HOLLYWOOD, Fla. -- The Republican National Committee's Standing Rules Committee closed Wednesday without recommending any changes to the convention rules, with members in near-unanimous agreement that any changes would only fuel charges that the RNC is playing favorites in advance of the presidential nomination vote in Cleveland.
The biggest debate took place over an amendment proposed by Oregon commiteeman Soloman Yue to change the convention rules from House Rules to Robert's Rules of Order, which proponents say would prevent establishment-minded Republicans from inserting a favorable candidate at a later ballot during a contested convention. A half-dozen members rose to express their opposition to the proposal, all warning that any changes now would be damaging to the party.
Though his name was never explicitly mentioned, Donald Trump was the implied subject of the party members' concerns. The GOP frontrunner has spent the past few weeks railing against a "rigged" and "corrupt" party system and charging that GOP leaders changed the rules specifically to hamper his candidacy. And to avoid giving Trump further ammunition for attacks, a group RNC members, led by Chairman Reince Priebus, have been lobbying Rules Committee members to oppose any changes to the rules.
"The idea that you would replace the entire operating manual…could only be viewed by any one candidate as an attempt to favor another candidate, and that's extremely dangerous," warned Georgia Committeeman Randy Evans.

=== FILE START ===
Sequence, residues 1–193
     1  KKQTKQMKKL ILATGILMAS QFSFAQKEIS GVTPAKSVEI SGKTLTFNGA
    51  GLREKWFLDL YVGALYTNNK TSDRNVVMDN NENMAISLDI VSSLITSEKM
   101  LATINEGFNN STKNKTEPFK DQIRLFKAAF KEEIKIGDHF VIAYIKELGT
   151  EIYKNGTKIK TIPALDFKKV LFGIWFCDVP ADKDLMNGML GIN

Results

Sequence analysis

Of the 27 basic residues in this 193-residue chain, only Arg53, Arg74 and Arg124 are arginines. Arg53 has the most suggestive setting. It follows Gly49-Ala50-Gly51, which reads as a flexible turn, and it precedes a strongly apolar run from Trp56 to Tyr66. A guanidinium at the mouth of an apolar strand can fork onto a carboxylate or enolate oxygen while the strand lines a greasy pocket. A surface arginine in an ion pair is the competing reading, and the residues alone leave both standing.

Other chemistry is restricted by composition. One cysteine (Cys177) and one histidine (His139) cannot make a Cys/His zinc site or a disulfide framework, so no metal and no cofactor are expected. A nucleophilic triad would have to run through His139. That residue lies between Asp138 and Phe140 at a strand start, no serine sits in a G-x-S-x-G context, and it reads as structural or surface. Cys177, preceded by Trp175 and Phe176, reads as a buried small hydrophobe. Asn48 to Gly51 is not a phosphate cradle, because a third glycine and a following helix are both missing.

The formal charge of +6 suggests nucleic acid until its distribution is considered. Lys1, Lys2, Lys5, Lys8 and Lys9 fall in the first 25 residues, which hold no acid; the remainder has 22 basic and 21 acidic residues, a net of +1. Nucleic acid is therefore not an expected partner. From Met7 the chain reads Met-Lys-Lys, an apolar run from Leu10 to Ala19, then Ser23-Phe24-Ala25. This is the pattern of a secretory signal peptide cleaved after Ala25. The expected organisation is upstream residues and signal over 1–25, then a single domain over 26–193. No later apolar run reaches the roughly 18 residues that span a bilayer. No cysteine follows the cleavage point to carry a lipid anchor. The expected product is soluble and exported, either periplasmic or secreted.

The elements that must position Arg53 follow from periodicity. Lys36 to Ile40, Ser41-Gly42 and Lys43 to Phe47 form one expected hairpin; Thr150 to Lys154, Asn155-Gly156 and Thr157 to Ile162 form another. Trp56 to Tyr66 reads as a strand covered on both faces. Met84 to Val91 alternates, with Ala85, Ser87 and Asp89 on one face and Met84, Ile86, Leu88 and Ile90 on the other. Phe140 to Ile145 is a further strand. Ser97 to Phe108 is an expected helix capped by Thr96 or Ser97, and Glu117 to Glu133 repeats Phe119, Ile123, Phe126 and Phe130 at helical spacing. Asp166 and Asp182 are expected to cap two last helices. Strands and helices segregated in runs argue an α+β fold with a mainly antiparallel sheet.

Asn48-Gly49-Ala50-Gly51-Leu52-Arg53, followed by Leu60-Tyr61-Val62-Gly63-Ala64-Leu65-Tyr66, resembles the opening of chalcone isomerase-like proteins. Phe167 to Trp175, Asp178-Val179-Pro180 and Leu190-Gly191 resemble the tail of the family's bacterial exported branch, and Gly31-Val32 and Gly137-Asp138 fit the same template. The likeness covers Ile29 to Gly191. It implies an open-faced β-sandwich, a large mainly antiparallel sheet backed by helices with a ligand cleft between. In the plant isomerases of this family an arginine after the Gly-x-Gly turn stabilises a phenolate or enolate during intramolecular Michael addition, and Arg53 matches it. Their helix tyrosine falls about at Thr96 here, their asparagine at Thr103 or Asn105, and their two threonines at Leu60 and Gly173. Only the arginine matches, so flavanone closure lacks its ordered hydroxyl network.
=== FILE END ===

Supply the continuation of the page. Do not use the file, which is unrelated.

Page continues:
Tennessee Committeeman John Ryder echoed Evans' concerns, questioning whether "given the dynamics" of the coming convention — which is increasingly expected to break open into multiple rounds of balloting with no clear nominee at the outset — "is this the convention where you want to try out, for the first time, a new set of operating rules?"
Regardless, the committee meeting Thursday at the RNC's Spring Meeting wouldn't have been able to approve any binding changes to the rules, only recommendations. The final convention rules are negotiated and approved by the Convention Rules Committee. Most members argued Thursday any changes should be left up to that committee, which meets the week before the July convention.
RNC Rules Committee Vice-Chairman Louis Pope worked late into the night on Tuesday whipping members to ensure none would back a change to the rules, and said outright there was a concern that any change would fuel further criticism from trump over the election process.
"He would be all over it tomorrow — that's Donald Trump's message," he said.